In molecular nanotechnology, the earliest proposal for a way to implement extremely small and fast computers relied upon logic gates constructed from sliding rods and stubby protrusions to conditionally restrict their motion.[1] Similar computational "rod-logic" was present in the sliding control levers and studded barrel devices which were used to access the microprogram in Babbage's design.[4] Molecular nanotechnology (MNT) is the concept of engineering functional mechanical systems at the molecular scale. ... A logic gate is an arrangement of electronically-controlled switches used to calculate operations in Boolean algebra. ... A microprogram implements a CPU instruction set. ...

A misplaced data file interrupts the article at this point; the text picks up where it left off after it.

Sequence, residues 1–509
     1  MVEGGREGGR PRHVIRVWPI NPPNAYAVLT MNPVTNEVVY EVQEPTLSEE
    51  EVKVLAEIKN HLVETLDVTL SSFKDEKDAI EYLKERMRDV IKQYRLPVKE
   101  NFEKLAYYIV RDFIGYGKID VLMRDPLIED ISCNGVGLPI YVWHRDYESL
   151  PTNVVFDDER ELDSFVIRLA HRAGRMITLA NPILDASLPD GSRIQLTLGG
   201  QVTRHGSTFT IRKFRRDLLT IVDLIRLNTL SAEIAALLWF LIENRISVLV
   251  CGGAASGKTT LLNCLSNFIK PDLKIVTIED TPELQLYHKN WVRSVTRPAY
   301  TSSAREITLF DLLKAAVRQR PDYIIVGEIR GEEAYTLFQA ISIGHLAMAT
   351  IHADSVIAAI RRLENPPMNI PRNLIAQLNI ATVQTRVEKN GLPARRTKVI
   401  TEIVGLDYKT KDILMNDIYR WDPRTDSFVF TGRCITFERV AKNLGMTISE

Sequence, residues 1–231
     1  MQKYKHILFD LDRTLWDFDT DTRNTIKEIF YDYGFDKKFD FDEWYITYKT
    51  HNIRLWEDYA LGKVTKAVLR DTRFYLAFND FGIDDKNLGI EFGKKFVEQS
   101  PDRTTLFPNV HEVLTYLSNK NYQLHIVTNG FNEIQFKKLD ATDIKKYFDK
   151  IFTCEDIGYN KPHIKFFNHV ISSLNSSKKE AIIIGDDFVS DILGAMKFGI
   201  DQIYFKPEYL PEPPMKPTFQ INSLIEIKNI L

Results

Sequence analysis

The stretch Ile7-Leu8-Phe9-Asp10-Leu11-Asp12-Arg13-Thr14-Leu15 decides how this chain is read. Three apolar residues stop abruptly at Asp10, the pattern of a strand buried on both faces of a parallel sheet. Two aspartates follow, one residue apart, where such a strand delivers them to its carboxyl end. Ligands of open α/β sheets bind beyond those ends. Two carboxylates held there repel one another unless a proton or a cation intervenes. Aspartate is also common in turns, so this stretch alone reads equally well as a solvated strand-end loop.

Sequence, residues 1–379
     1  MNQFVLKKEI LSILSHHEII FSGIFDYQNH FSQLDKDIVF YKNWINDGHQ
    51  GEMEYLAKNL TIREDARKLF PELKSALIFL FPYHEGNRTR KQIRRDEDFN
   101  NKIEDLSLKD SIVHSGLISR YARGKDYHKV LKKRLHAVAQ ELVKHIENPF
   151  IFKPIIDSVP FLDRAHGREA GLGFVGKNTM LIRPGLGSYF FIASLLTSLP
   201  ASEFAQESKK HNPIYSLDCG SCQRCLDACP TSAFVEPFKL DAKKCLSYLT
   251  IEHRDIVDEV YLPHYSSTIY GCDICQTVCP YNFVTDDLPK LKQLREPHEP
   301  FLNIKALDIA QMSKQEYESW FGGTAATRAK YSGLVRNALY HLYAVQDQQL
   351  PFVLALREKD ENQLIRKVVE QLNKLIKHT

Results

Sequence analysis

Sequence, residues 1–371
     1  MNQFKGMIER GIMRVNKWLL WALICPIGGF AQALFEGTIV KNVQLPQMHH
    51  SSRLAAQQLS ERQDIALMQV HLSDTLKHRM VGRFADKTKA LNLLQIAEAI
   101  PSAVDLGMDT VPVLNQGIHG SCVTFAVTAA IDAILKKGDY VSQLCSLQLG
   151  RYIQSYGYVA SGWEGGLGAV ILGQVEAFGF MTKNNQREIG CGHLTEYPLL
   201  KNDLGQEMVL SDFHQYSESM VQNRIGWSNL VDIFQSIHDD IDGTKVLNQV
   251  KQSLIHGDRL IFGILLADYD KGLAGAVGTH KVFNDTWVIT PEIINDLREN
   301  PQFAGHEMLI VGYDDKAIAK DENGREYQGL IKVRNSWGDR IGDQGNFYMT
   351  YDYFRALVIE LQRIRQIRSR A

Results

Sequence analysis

From Babbage's autobiography:

As soon as an Analytical Engine exists, it will necessarily guide the future course of the science.

Fiction

  • In the Michael Flynn novel In the Country of the Blind, a secret society calling itself the Babbage Society secretly financed the building of Babbage Engines in the mid-1800s. In the novel, the Society uses the Babbage engines along with a statistical science called Cliology to predict and manipulate future history. In the process, they predict the rise of the Nazis and accidentally started the US Civil War.